Regular readers will know that I believe that one of the most important fundamental influences on the price of oil is the relative strength or weakness of the U.S. Dollar. Obviously according to economics 101 supply and demand ultimately set the price of any commodity, but when, as is the case with oil, that commodity is priced in dollars in a global market the intrinsic value of the dollar is just as important.
Normally the dollar index, which gives the average value of the dollar against a basket of other currencies, moves fairly slowly so judging the impact on oil prices is about predicting long term trends. Sometimes, though, things change quite fast and even short term predictions for oil are dependent on the fate of the dollar. That seems to be the case right now, so traders should be watching the dollar’s movement closely.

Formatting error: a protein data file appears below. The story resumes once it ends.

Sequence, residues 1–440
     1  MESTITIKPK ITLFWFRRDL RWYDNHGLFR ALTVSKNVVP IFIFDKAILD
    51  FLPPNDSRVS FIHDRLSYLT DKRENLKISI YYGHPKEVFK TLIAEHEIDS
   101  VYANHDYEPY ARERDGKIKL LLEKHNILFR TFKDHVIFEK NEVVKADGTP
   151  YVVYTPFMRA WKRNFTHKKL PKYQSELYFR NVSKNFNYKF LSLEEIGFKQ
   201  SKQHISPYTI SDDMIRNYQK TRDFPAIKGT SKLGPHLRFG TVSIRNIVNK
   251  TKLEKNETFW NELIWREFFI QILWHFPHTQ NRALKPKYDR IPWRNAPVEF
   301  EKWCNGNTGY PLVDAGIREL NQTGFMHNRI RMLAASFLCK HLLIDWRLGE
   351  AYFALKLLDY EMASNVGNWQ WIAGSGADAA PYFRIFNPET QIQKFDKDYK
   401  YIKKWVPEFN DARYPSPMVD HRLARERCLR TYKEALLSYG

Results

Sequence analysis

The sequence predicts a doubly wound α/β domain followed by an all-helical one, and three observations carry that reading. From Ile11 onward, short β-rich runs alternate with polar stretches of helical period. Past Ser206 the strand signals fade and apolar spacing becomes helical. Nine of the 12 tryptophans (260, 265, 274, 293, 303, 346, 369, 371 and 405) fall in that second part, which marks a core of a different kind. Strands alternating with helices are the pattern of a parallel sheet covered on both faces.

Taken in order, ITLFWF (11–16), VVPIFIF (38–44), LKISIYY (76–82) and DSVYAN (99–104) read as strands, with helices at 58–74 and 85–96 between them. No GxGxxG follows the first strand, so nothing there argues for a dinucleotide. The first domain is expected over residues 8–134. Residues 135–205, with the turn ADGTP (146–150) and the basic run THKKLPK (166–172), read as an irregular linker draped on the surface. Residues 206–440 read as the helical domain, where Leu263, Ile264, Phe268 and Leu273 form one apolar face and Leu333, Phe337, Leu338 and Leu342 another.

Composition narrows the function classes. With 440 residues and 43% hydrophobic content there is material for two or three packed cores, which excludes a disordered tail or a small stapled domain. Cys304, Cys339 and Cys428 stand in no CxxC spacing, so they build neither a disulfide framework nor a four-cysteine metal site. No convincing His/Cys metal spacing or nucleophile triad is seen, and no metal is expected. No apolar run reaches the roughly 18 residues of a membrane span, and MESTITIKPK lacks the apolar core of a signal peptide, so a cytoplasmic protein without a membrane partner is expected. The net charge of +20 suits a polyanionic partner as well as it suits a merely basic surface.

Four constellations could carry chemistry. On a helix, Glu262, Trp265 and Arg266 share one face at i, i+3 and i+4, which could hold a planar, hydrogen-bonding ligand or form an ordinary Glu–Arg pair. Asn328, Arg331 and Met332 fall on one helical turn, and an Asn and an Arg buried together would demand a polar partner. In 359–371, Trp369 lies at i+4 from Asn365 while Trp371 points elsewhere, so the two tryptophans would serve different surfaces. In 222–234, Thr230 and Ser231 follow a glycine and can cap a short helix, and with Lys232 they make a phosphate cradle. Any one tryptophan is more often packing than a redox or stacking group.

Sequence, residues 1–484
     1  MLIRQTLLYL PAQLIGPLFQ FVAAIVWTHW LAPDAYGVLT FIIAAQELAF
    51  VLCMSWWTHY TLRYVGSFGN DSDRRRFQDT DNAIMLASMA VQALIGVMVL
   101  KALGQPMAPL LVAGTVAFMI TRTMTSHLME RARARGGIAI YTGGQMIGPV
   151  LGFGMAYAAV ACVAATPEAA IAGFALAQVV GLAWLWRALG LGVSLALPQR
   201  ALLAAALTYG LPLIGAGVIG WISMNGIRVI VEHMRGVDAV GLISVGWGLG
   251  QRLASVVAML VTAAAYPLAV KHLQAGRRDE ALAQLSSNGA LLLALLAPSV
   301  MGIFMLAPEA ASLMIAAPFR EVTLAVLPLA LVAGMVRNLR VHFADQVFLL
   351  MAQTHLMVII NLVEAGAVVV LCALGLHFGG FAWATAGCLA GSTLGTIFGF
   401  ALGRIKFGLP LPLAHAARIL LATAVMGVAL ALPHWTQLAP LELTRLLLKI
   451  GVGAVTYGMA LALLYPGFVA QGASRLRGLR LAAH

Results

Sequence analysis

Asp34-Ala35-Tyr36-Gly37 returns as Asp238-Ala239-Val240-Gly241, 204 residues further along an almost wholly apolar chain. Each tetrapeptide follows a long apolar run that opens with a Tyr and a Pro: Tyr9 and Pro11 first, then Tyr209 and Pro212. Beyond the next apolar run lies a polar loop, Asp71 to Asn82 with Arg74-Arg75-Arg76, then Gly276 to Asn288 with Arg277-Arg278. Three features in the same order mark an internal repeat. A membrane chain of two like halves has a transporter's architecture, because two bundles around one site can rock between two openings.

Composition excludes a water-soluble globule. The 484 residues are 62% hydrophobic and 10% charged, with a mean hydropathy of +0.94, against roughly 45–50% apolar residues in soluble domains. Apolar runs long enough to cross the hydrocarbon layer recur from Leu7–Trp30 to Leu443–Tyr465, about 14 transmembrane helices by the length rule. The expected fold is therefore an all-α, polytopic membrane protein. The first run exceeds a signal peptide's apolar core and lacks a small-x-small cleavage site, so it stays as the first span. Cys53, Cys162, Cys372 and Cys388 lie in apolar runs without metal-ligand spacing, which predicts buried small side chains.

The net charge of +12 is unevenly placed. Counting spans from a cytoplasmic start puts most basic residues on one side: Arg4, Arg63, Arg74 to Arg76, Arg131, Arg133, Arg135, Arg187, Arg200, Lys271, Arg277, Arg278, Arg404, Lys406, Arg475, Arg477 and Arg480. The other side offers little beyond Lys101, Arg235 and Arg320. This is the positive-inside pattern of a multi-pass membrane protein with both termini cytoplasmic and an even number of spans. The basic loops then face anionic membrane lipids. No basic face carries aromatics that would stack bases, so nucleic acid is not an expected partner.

(Click to enlarge)
Figure 1: Dollar Index 1 Year Chart
In case you have not been following it the dollar index has, like most things, been on the move since the U.S. elections. As the so called “Trump Bump” pushed American assets higher, so the dollar also gained ground. That is normal in times of optimism about U.S. growth, but because of the cause, as well as mounting evidence that OPEC’s restrictions on output were actually taking place, oil followed suit, which is not typical. WTI jumped from around $45 at the beginning of November to above $55 at the end of the year.